Re: FAQ 34.3
Agent Mulder wrote:
> However v.begin() is not guaranteed to be a T*, which means v.begin() is not
> guaranteed to be the same as &v:
> My question is, why is v.begin() not guaranteed to be of T* ?
Why should it be guaranteed? It is always better to stick with less
restrictive specification, as long as it satisfies you requirements. In
this particular case the less restrictive specification would be
declaring that 'v.begin()' return an iterator (which could be a pointer
or something completely different). One benefit of doing it this way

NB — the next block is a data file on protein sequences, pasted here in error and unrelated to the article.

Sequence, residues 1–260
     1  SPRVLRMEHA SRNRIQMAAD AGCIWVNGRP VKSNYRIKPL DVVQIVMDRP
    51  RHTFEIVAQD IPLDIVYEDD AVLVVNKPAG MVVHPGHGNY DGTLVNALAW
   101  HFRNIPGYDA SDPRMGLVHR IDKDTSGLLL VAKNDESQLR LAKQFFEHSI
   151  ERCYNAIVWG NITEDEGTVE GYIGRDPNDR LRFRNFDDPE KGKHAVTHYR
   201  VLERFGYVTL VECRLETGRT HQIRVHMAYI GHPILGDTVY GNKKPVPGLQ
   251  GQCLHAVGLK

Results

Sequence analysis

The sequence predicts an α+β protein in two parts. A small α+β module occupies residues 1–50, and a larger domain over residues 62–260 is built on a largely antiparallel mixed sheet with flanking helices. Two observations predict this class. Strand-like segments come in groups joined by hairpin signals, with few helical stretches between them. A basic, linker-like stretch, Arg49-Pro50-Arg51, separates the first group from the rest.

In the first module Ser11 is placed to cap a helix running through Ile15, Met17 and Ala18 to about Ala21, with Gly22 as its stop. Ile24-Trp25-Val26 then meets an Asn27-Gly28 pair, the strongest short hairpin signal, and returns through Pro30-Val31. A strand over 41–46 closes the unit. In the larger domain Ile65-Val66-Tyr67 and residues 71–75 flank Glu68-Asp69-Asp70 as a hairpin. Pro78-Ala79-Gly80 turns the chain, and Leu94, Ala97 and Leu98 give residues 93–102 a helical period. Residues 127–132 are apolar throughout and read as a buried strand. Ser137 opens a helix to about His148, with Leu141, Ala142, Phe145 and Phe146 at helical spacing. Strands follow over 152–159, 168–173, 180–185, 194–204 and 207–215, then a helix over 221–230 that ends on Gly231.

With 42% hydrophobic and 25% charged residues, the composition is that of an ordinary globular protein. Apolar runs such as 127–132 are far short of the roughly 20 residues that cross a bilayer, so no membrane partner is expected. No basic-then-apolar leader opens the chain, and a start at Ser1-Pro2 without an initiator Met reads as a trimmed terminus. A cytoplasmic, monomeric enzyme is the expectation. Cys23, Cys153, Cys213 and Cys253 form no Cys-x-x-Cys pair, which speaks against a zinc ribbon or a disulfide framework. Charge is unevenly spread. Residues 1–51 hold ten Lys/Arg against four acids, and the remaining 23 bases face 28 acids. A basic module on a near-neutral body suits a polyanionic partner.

that this specification allows debugging implementations, where returned
iterator would support range checking and other things of that nature.
It wouldn't be possible if C++ required 'v.begin()' to return a pointer.
Brainbench C and C++ Programming MVP
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